Toyota can’t seem to grasp why it’s being criticized for its lack of progress in fully electric vehicles. The Japanese automaker is making headlines Wednesday after an executive went off on a tangent defending Toyota’s carbon reduction efforts and future EV plans – the frustration comes as Toyota has come under fire for not going all in on electric vehicles.

The world’s largest automaker stands by its position to not rush into electric vehicles despite the overwhelming demand growing in every primary market.

Almost every automaker has turned to a preorder system for their electric models because they can’t keep up with orders. According to the International Energy Agency (IEA), electric vehicle sales are on pace to hit another global record this year after almost doubling in 2021 to 6.6 million.

With new government incentives and rebates, electric vehicle adoption is expected to continue gaining momentum as production capacity comes online and automakers switch their focus to EVs.

Despite this, less than two months ago, the EVP of sales at Toyota Motor North America claimed, “I don’t think the market is ready” for electric vehicles, citing high costs and lack of infrastructure (charging).

In response to that, the IEA reports:

Deployment of publicly available EV charging points increased by close to 40% in 2021.

New federal incentives are expected to drive this number significantly higher in 2022. The US DOT announced $5 billion in funding under the National Electric Vehicle (NEVI) Formula Program, part of the Bipartisan Infrastructure Law, to build an EV charging network across the US over the next five years.

Meanwhile, Toyota’s first attempt at a fully electric car, the bZ4X, was (to say it nicely) less than ideal as it was recalled due to the wheels falling off (they resumed sales earlier this month).

And then, two weeks ago, Toyota’s CEO told reporters it would stick with a hybrid strategy, stating, “playing to win means playing with all the cards in the deck,” referring to offering fuel cell alternatives, hybrids, and EVs. It seems the entire company is on board with these plans as another executive reiterated the same train of thought, defending the company’s progress so far.

Executive gets heated defending Toyota’s EV plans

Sean Hanley, VP of Sales and Marketing at Toyota Motor Australia, delivered remarks during the debut of the automaker’s new Toyota Corolla Cross Hybrid in Sydney.

After the speech, while addressing the media, questions about the company’s carbon reduction plans and EV progress (or lack thereof) seemed to strike a nerve. Hanley said:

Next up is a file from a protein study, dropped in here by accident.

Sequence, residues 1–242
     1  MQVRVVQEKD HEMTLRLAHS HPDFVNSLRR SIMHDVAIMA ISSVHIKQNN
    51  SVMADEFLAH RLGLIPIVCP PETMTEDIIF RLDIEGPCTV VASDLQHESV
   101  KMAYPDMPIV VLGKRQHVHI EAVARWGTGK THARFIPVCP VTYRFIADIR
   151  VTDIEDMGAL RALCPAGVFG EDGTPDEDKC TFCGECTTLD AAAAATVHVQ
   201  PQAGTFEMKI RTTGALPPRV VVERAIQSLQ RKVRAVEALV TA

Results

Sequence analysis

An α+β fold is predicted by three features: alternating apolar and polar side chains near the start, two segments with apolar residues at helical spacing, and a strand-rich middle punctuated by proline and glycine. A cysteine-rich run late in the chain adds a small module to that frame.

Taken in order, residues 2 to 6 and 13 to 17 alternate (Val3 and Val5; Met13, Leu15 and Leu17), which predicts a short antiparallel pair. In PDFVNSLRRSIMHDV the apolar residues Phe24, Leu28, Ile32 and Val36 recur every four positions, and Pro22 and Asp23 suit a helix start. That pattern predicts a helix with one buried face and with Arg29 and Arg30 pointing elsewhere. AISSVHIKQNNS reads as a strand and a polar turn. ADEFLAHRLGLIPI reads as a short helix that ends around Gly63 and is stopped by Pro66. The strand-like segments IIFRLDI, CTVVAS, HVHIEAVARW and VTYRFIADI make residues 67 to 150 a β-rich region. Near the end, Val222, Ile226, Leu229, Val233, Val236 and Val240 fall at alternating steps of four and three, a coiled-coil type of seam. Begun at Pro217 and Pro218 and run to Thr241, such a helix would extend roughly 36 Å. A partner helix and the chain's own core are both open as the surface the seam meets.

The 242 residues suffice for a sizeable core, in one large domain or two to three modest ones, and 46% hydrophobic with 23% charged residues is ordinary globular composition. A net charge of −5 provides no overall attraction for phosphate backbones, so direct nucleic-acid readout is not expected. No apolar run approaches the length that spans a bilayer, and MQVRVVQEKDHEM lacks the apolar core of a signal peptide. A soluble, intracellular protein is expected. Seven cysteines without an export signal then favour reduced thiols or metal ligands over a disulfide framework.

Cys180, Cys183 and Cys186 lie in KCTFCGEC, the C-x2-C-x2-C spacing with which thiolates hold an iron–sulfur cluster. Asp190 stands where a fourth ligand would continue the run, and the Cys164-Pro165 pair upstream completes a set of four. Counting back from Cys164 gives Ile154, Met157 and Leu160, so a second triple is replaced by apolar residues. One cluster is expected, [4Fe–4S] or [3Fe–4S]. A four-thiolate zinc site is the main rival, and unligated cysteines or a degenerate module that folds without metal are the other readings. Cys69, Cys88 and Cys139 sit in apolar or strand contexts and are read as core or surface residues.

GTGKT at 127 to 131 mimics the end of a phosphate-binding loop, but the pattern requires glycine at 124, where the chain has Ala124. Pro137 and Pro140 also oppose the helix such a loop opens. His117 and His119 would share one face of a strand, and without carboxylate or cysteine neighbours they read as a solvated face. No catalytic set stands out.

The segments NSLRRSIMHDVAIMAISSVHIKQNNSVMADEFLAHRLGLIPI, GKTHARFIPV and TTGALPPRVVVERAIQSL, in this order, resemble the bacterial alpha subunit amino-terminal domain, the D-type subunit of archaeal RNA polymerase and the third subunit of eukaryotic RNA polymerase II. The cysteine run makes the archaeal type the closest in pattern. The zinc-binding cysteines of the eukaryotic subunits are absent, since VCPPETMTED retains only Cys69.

Toyota is not opposed to battery-electric vehicles. We believe that to get to carbon neutrality, you have to take everyone on the journey.


We believe that you have to have a diverse range of technologies to get there. The point is this: carbon is the enemy here, not the powertrain.

Mr. Hanley continues, explaining Toyota is in “full support of some mandated type of legislation” for reducing carbon emissions and believes carbon neutrality must be achieved. However, in Hanley’s words:

What we’re disagreeing on is … how and when you get there.

He then directed his attention toward those criticizing Toyota, pointing to the automaker’s efforts in reducing carbon emissions in Australia since 2001 with hybrid vehicles.

We are the only car company that represents 30 percent of our sales that are hybrid right now. That is playing a role in reducing (emissions).

According to Toyota’s calculations, three hybrid vehicles are “almost equal” to one electric car, comparing the carbon emissions reduced with its 300,000 hybrids sold in Australia to about 90,000 EVs.

Electrek’s Take

Hybrids did play a role in reducing carbon emissions in the transportation sector, and Toyota played a significant role over the past 21 years. However, the issue Toyota doesn’t seem to be grasping here is hybrids were never the solution; they were a great innovation to eventually graduate to fully electric cars as tech progressed.

Technology has advanced significantly in the past several years – allowing for a higher range – which is the primary concern for those looking to buy an electric vehicle. And although hybrids are a better alternative to gas-powered cars, they are still not fully efficient.

A new study finds that because hybrids are heavier, they can consume more fuel in the long run, eroding the benefits.

Toyota insists on continuing to offer hybrids, and fuel-cell vehicles, refusing to adapt and update its EV plans for the modern age.

The popularity behind EVs is only expected to accelerate in the next few years as new electric models are introduced to the market, and federal incentives are designed to lower the costs while expanding access to charging. Toyota is known for being cautious, but this time it may cost them in the long run.

Toyota was a first mover in the hybrid space, a big reason it grew to become the most prominent global automaker. However, with all major markets (North America, Europe, China, etc.) accelerating pure electric sales, it may fall behind as demand for zero-emission EVs continues building.

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